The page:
Civil rights icon the Rev. Dr. Joseph Lowery remains hospitalized Monday night in stable condition, hospital officials said.
The famed civil rights leader and Atlanta legend was admitted to Emory University Hospital Midtown's intensive care unit Saturday, but friends said his condition was not serious.
Lowery, who last summer received the Presidential Medal of Freedom, the country's highest civilian honor, was scheduled to attend an African American achievement award ceremony Saturday, but didn't make it, longtime friend and fellow civil rights leader Andrew Young told the AJC late Sunday.
"He was having shortness of breath, and he didn't come to the Trumpet Awards last night," Young said, adding that Lowery "has been in and out of the hospital before. I have not heard that it was serious. I think he was having some respiratory problems."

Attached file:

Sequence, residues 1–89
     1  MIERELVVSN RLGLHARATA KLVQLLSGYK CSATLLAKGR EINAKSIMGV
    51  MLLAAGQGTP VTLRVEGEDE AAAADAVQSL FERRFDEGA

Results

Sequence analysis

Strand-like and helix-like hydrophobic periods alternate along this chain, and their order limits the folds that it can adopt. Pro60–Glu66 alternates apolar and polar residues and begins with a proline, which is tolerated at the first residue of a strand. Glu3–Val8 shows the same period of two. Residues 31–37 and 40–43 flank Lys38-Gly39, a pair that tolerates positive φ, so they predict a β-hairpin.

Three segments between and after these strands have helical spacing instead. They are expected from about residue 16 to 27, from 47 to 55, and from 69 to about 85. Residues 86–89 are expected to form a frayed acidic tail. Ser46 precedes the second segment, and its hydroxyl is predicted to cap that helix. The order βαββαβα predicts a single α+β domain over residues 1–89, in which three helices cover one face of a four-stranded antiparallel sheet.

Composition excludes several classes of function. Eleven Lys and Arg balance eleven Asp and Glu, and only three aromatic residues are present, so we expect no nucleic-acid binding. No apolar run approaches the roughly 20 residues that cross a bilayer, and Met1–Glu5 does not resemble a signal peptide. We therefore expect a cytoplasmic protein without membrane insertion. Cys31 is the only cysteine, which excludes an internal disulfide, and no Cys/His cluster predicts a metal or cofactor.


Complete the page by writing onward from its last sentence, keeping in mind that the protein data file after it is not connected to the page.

David Stokes, another friend, said Lowery initially expected to be sent home Monday.
The 88-year-old Lowery was a co-founder of the Southern Christian Leadership Conference, the signature civil rights group originally headed by Martin Luther King, Jr. Lowery was its president for two decades beginning in the late 1970s. Last year, Lowery spoke at the inauguration of President Barack Obama.
Stokes, who was the SCLC spokesman when Lowery was president, said the last time he remembers Lowery being admitted to a hospital was when his blood pressure dropped a year ago after preaching a sermon. It wasn't serious that time either, Stokes said.
- Staff reporter Marcus K. Garner contributed to this story.
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